The same survey also showed that money-market expectations of the long-term inflation rate were unchanged since the previous measurement, but that they still are marginally higher than the 2-percent inflation target of the Riksbank. As in the preceding survey, employee organizations and purchasing managers in retail trade and manufacturing indicated expectations of a high inflation rate in five years.

Another indicator of the inflation rate expected in the long term is the differential between the yield on a nominal-rate bond and the corresponding real-rate instrument. This differential reflects the average expected inflation rate until the maturity of the bonds, and despite the high inflation rate since last April, it is still consistent with the target inflation rate of the Riksbank.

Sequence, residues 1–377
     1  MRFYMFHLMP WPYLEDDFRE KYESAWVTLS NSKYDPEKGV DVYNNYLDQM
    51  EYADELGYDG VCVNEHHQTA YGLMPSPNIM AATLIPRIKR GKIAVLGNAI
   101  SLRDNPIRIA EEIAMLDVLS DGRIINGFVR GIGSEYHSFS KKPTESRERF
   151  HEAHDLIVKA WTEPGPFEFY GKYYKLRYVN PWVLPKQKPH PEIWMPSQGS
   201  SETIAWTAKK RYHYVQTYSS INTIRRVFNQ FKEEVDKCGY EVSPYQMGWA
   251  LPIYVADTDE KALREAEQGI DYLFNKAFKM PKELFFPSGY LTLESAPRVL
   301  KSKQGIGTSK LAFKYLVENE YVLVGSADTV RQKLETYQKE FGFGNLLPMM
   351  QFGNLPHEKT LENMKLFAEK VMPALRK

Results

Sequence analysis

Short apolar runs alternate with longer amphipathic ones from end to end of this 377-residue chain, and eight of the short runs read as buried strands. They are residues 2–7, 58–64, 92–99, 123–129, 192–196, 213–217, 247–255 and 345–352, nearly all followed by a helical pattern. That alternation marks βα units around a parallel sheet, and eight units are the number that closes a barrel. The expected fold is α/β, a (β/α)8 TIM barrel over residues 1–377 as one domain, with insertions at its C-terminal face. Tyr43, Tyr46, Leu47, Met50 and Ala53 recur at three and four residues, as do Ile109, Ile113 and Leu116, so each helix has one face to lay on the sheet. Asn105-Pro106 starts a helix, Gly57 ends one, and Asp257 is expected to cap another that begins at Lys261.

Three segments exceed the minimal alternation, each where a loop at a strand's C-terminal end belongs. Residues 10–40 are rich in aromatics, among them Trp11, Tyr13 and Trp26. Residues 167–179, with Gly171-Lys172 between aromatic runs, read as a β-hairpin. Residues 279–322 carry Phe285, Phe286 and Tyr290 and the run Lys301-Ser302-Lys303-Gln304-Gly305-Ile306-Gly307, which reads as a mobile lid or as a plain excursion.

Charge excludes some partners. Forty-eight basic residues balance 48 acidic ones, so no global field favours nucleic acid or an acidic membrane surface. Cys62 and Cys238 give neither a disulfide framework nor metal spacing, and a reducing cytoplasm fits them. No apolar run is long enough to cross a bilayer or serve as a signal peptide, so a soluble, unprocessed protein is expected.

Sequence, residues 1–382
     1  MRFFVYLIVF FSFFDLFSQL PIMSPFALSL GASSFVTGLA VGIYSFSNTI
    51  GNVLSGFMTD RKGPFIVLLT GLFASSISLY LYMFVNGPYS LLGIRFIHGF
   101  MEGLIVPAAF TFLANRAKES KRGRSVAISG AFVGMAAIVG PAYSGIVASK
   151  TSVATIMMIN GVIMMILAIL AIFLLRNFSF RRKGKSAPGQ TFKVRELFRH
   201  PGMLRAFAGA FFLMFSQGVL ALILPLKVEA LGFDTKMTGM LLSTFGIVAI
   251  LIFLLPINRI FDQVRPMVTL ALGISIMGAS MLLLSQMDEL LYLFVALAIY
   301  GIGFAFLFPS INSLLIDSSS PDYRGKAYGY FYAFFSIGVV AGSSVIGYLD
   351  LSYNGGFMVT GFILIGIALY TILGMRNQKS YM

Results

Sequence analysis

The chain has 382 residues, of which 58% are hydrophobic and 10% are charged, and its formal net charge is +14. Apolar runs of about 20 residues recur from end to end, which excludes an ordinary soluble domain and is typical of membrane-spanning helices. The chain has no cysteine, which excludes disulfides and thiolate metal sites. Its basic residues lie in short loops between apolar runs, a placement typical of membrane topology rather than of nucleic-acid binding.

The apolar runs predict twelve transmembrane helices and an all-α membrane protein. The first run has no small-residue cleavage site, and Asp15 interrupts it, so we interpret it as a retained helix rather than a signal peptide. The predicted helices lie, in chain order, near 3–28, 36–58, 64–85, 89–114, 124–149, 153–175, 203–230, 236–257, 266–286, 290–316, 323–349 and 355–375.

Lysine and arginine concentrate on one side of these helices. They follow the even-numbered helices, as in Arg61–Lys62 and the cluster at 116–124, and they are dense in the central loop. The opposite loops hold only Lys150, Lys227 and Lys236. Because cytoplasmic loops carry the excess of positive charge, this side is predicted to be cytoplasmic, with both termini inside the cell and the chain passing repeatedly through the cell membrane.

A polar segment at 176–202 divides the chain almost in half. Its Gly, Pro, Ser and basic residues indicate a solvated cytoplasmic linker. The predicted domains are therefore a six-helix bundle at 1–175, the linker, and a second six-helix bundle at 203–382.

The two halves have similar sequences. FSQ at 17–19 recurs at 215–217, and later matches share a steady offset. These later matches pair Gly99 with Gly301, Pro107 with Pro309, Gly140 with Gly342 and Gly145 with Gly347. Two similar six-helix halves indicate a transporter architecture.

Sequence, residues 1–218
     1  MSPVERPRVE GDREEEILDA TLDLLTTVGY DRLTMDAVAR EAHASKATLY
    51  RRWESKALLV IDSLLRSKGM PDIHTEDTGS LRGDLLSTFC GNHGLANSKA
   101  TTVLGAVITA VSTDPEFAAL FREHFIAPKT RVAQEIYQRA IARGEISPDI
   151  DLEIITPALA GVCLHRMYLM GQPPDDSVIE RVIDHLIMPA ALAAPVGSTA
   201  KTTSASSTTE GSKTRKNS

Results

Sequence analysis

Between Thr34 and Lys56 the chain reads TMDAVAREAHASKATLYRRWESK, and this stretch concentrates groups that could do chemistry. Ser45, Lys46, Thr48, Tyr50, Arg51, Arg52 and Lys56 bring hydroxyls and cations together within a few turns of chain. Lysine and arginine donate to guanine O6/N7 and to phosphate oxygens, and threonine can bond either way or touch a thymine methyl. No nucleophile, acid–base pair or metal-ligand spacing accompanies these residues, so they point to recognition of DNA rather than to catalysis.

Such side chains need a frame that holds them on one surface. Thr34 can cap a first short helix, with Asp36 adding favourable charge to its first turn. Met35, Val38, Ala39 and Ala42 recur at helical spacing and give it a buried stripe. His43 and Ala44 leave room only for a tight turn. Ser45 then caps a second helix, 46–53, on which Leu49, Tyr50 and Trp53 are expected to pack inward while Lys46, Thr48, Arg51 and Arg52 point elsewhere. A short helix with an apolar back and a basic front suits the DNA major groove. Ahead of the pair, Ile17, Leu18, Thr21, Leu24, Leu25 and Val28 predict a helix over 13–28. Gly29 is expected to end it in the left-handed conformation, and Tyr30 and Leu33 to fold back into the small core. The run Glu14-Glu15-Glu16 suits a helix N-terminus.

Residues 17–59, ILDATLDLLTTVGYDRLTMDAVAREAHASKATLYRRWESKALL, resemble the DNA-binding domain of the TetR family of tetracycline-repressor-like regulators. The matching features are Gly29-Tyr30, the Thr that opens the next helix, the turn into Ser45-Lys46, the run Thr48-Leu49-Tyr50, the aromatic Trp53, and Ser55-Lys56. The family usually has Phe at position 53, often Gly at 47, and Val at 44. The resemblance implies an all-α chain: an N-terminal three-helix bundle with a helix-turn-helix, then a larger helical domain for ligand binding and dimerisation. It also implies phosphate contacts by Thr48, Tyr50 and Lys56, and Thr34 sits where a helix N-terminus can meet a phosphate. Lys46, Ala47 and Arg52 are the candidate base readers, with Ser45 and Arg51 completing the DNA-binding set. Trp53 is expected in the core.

Since winter last year, monetary conditions have become somewhat less expansionary. The exchange rate has appreciated more than expected, and real interest rates appear to be somewhat higher, particularly shorter-term rates. The real-yield curve has shifted upward since winter last year. The slope of the curve has also changed, since the short end of the curve has increased more than the long end (see Diagram 50).

Actual inflation was surprisingly high this winter. The rise in domestically generated inflation, as well as unexpectedly large increases in wages and salaries, suggest that resource utilisation in 2001 was somewhat higher than previously assumed.